How does this next generation of self-driving cars “see” the road? Today’s video from TED-Ed explains one of the mind-bending innovations making autonomous vehicles a reality.
Eye of the Laser
Safely getting a vehicle and its passengers from point A to B is no simple matter.
First, weather and time of day can create a wide variety of challenging situations, affecting things like visibility, braking distances, or speed. Next, other vehicles, bikes, and pedestrians are constantly moving through the transportation network, sometimes in unpredictable ways. To further complicate matters, the road network is rarely in optimum form. Road lines fade and construction can throw ambiguous detours into the mix.
Sensing and analyzing the world at a granular level is crucial in making self-driving cars a viable transportation option. To solve this problem, new generations of autonomous vehicles are using photonic integrated circuits, as well as light detection and ranging (LiDAR) to generate an extremely nuanced picture of the road ahead.
How self-driving cars see the world. (Source: Hesai)
LiDAR – which is related to RADAR – uses short laser pulses to sense the depth and shape of objects. Essentially, scattered bursts reflect off objects around the vehicle, painting a detailed 3D picture of its surroundings. LiDAR’s depth resolution is so accurate that it could eventually see details at the millimeter scale.
A Dissenting Opinion
While most companies in the autonomous vehicle space have fully embraced LiDAR, Tesla has a divergent point of view. The company employs a combination of GPS, cameras, and other sensors to help its cars visualize the world.
LiDAR is a fool’s errand. Anyone relying on LiDAR is doomed.
– Elon Musk
Society and Self-Driving Cars
While companies like Uber and Waymo determine the functional mechanics of self-driving cars, the rest of society is left to ponder how this new technology will affect employment, privacy, and personal autonomy.
In the U.S., more than 70% of goods are moved by truck, and over 80% of commuters take a private vehicle to work on any given day. Even partial automation of the nation’s transportation network will have wide-sweeping impacts on the economy.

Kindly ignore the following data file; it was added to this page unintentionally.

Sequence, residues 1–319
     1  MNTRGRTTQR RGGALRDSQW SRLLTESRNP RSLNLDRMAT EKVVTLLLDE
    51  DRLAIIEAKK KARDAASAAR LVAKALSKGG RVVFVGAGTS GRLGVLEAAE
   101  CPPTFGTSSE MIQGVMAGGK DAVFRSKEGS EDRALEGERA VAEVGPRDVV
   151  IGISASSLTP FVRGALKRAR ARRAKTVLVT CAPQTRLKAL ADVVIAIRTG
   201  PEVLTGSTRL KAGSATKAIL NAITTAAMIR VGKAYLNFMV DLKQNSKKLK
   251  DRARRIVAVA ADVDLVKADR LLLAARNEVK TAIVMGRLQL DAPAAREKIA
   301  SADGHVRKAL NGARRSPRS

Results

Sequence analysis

As AI-powered cars and trucks hit the streets at scale, how cars see the road will be a detail most of us will overlook. The bigger question will be whether we are ready for a society where we’re no longer in the driver’s seat.
Ranked: The Autonomous Vehicle Readiness of 20 Countries
This interactive visual shows the countries best prepared for the shift to autonomous vehicles, as well as the associated societal and economic impacts.
For the past decade, manufacturers and governments all over the world have been preparing for the adoption of self-driving cars—with the promise of transformative economic development.
As autonomous vehicles become more of a looming certainty, what will be the wider impacts of this monumental transition?
Which Countries are Ready?
Today’s interactive visual from Aquinov Mathappan ranks countries on their preparedness to adopt self-driving cars, while also exploring the range of challenges they will face in achieving complete automation.
The Five Levels of Automation
The graphic above uses the Autonomous Vehicles Readiness Index, which details the five levels of automation. Level 0 vehicles place the responsibility for all menial tasks with the driver, including steering, braking, and acceleration. In contrast, level 5 vehicles demand nothing of the driver and can operate entirely without their presence.